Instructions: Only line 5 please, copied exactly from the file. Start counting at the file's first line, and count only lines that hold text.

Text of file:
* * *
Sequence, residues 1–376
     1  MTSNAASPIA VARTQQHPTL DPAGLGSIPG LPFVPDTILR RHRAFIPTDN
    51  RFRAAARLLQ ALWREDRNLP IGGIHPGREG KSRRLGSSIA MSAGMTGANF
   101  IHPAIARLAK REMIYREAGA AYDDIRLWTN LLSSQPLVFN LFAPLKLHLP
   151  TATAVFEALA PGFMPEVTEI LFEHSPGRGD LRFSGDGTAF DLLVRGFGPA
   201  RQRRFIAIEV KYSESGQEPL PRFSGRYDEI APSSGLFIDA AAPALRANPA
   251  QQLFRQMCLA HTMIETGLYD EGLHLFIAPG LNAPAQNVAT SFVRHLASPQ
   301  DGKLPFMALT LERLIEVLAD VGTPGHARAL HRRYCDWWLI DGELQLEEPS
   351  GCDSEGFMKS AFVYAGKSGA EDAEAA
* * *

   151  TATAVFEALA PGFMPEVTEI LFEHSPGRGD LRFSGDGTAF DLLVRGFGPA